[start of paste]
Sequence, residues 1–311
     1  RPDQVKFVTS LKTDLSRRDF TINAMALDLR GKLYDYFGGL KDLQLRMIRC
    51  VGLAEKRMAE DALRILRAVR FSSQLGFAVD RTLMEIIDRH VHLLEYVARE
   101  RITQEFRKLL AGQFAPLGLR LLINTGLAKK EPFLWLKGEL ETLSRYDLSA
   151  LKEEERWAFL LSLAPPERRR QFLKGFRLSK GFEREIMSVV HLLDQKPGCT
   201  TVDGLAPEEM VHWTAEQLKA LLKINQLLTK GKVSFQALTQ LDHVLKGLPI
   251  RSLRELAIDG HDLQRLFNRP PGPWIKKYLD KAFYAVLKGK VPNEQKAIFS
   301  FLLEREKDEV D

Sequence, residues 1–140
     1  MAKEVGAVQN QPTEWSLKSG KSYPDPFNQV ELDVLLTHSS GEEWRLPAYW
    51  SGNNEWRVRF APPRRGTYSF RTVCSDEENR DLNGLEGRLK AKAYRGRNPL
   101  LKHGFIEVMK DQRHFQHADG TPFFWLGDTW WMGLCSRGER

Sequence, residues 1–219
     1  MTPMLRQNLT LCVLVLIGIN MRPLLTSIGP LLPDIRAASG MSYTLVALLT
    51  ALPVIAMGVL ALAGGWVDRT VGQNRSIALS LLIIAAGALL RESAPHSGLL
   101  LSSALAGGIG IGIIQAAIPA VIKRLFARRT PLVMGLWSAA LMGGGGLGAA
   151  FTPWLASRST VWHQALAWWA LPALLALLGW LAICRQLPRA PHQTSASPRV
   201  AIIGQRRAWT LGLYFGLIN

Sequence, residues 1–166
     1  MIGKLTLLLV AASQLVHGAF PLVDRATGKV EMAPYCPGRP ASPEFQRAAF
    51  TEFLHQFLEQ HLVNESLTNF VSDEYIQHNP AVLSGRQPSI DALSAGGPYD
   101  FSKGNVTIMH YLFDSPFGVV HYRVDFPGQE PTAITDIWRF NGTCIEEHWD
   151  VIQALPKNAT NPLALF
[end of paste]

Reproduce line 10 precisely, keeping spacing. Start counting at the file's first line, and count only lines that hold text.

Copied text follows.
     1  MAKEVGAVQN QPTEWSLKSG KSYPDPFNQV ELDVLLTHSS GEEWRLPAYW